Back to my adventure of tending to my locks. After being in this part of the world for a year and a half I found Kuala Lumpur to be a source of African hair types. On my black girl expedition with Kia we spent a weekend in KL, shopping and getting our hair did. Kia manage to pay only $30-$35 for a shampoo-wash-blow dry that took 4 hours. (Mind you the woman servicing Kia was Malaysian, not Black) I got cornrows which took 45 minutes and paid double. Such is life. I also experienced an African hair braider from Hong Kong who came to Ho Chi Minh to work on some clients heads last year. This lady works in the only official hair braiding shop in Hong Kong called Zucoma. If you're in the area check it out, but they are pricey, for Hong Kong. I had a hard time remembering the url, so instead try this:, they seem to have professional products and a Black man handling a blow dryer. Coming back to Ho Chi Minh I was determined to find a hair braider. With all the African men here, there has to be a woman somewhere doing her own hair. I mingled with the Nigerians at church and got in touch with a Nigerian lady in District 10 of HCMC. She did a great job with braids and has healthy techniques to minimize breakage. No salon for her, I talked to people who know people and met in the room she is renting. But my main concern while living here was getting my ends trimmed. Trimming the split ends minimizes breakage, and minimized breakage = longer hair. Well little did I know my hair adventure was about to take an interesting twist. I decided to try the steamer machine at a local nail salon. In the back of the nail shop is a small hair station with the steamer machines and further back in another room is an area where you can get your hair washed. I used my own deep conditioner and everything was going good until it was time to blow dry my hair. I literally had 2-3 people in my head. The owner of the shop came and asked, "Is this natural???" me,"YEAH this is MY hair!" It really perplexed them to know that someone could have hair as curly as mine. I must say I had fun teaching the ladies at Nghia Beauty how to do my hair, and l loved that they were all eager to learn, and very careful. As I'm sitting in the hot seat (literally with two blow dryers on my head) I notice a Black lady is getting her pedi/mani and looking over at me with a "What-in-tha-world" expression on her face. Once I am finished, they even flat ironed my hair, I'm about to leave, but decide to get a mani and just happened to sit next to the Black lady. I was not going to be social because she "looked" Brazilian. There aren't too many Black American people 'round these parts, so why bother? Well I decided to bother anyway. Turns out she's an American stewardess from Texas, she has been living in Asia for 16 years, SIXTEEN YEARS. Whoa, back up. 16 years. In Hong Kong to be exact.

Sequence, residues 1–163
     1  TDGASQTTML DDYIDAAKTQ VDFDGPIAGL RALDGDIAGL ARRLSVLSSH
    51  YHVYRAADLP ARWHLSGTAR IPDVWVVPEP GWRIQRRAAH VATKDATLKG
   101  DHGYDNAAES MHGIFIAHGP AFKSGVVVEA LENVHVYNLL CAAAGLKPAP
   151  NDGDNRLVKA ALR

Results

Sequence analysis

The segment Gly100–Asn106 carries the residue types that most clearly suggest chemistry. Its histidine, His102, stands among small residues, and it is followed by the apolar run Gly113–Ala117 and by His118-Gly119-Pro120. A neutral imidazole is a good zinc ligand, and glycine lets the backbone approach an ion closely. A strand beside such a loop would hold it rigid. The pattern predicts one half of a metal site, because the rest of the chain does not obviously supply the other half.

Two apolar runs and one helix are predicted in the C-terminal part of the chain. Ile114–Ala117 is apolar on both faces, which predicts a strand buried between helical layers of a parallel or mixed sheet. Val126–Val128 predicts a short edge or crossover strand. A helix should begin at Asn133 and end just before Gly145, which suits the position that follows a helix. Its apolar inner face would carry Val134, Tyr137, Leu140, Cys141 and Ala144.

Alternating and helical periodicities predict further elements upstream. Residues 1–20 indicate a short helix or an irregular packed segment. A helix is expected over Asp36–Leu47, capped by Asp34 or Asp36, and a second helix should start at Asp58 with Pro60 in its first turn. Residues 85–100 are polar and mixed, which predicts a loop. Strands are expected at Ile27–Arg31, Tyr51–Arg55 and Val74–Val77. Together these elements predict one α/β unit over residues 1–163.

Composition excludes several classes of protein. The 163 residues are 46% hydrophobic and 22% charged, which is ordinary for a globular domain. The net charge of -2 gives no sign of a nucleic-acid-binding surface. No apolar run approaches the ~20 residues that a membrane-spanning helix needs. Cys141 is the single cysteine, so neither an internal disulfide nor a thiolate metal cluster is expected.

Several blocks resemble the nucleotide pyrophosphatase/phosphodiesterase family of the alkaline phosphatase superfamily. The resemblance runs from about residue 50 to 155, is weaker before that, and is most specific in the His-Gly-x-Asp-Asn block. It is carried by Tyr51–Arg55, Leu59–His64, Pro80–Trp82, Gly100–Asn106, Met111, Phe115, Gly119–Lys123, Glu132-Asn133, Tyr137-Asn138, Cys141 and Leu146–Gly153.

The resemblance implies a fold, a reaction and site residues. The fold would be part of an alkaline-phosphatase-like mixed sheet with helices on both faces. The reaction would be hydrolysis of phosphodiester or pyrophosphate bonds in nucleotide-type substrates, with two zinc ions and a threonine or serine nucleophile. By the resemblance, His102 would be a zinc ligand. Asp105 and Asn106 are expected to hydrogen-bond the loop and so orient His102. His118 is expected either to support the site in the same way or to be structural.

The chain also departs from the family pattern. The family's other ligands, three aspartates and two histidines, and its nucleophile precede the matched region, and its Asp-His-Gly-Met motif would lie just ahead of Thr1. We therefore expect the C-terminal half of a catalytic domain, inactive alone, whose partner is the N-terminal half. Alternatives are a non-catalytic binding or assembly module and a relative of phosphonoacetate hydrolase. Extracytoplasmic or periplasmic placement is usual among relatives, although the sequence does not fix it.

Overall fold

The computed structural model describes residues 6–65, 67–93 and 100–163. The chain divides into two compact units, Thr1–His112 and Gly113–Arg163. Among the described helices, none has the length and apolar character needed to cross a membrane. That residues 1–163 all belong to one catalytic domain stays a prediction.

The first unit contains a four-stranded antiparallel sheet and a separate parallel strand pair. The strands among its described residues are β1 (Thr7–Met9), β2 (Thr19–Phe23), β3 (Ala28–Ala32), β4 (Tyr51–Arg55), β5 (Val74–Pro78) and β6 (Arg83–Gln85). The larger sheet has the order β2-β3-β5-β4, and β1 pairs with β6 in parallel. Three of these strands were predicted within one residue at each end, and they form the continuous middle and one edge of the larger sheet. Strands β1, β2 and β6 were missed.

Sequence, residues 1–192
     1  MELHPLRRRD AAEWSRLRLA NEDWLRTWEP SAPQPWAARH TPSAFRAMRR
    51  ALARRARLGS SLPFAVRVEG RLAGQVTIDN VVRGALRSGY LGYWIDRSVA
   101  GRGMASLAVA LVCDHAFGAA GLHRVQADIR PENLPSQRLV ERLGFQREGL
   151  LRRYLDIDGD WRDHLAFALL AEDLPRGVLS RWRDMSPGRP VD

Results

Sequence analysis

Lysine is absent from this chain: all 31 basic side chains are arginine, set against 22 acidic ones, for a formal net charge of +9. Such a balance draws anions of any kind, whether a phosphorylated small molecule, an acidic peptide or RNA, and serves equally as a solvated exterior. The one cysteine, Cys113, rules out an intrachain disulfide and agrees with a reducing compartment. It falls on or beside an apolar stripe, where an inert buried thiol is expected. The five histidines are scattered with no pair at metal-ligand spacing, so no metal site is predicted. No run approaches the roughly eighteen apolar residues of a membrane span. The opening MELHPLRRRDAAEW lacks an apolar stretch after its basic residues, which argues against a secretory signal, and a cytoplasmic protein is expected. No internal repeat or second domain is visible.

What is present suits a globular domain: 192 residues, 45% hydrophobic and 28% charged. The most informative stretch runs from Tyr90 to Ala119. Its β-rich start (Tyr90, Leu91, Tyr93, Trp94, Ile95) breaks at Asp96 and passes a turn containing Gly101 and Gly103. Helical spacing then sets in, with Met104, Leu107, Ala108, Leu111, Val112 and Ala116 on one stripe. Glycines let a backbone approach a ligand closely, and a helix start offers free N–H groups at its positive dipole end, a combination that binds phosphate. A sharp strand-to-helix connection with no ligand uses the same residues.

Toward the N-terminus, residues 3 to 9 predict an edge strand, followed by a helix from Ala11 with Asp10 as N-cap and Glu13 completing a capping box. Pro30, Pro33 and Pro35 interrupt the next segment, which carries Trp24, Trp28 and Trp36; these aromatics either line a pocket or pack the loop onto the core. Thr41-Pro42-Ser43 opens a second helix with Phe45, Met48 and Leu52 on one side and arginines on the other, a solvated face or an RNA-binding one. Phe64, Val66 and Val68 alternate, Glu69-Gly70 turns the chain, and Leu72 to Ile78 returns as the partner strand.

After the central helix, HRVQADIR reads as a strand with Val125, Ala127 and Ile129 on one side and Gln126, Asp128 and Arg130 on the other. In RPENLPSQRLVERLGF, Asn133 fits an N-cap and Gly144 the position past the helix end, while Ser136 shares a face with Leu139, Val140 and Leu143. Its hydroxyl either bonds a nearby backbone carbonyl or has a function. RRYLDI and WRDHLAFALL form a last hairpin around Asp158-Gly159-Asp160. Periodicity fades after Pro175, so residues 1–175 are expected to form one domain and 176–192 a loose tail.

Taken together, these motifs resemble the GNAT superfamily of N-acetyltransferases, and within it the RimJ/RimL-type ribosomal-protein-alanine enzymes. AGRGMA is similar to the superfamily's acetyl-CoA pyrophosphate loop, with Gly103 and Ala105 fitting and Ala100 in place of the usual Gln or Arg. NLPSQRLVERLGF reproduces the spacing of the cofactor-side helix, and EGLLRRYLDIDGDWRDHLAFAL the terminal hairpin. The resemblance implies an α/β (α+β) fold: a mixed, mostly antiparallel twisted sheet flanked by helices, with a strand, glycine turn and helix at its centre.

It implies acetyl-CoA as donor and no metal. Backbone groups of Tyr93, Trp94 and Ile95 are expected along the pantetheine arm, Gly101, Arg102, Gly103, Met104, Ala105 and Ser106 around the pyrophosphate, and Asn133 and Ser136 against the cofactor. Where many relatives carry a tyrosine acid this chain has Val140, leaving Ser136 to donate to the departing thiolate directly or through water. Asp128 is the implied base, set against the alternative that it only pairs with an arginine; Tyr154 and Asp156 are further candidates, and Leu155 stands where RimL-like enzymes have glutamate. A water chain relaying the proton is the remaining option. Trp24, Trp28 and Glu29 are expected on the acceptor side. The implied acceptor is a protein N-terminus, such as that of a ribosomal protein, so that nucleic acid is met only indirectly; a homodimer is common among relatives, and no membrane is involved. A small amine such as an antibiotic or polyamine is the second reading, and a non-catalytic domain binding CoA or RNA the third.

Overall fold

"I had to go natural because I did not trust anyone to use a relaxer on my hair, and I couldn't find the right products. I noticed you were getting a blow out. There are a few places here that can straighten our hair pretty well, one is real expensive but good, the other cheaper and decent."

Kia explains, "Straighten, with Ce-ram-mic, not Metal!"
Like an angel that had fallen out of the sky, she just increased my HCMC experience by a thousand. I couldn't believe it. She had stop overs in Ho Chi often, so after SIXTEEN years of being over here, I guess I would've discovered and chosen the right salon as well. I should host my own personal training session. I checked out the salon the stewardess recommended, and it is legit, and they definitely know how to work a blow dryer, lol. It's YKC on Dien Bien Phu St. Of course their styling skills need some work, but for a good condition and trim, I don't mind paying 800,000 dong to get my hair right. Below is the result of the scavenger hair hunt in Kuala Lumpur, Malaysia. Big Thanks to Tarek for his Algerian connections!

"Kareem's" salon is male-only, he calls his braid lady. . .
We find another lady, she was okay.

Kia gets a blow out . . .

. . .4 hours later, turns out nice!

Tuesday, August 23, 2011

love that hat girl!

For the readers that are not aware, the hat my header is wearing is called a "nón lá" in Vietnamese. It is worn primarily by older women, though you may find some men wearing one while working in a farm. I do not know the history of the hat accept that its style, like most cultural paraphenalia in Vietnam, is inspired from Chinese culture. According to my students, normal people do not wear the nón lá, lol. In other words, the younger generation does not find the nón lá fashionable. But, it has a very practical purpose. It keeps your face cool during the hot sunny afternoons, and it will keep you dry when it rains. I enjoy seeing the ladies in their nón lá hats. It keeps Vietnam authentically Vietnam. In no other country in the world, can you walk through a metropolitan city and see "cityfolk" wearing a nón lá. 

And, about it being fashionable. . . well I'm sure there are many modern examples of Western designers taking cues from the shape of the hat. But I will tell you this story: One day on my way to work I am sitting on my motorbike waiting for the light to turn green. I had just left my apartment and turned right after crossing over the bridge, connecting Binh Thanh to District 1, but still a bit far from what I consider "downtown". I look to my right and spot a young women wearing her nón lá. There are many crazy things happening on the street that can grab your attention, but the way this lady wore her nón lá was particularly funny. Dressed in a typical over-all pajama-like outfit, the lady walks confidently down the street in bright fushia. Atop her head is a nón lá, not plain and covered in plastic like the market sellers, no, she rocks a colorfully embroidered nón lá, like the one a tourist would get in Mui Ne (like the one hanging on my wall, you can see it if you skype me). Let me also mention the color of her pajama-jammy-jam matches the embroidered flowers on her conical crown. Hey, you know what they say, if you're gonna do it, do it with pride!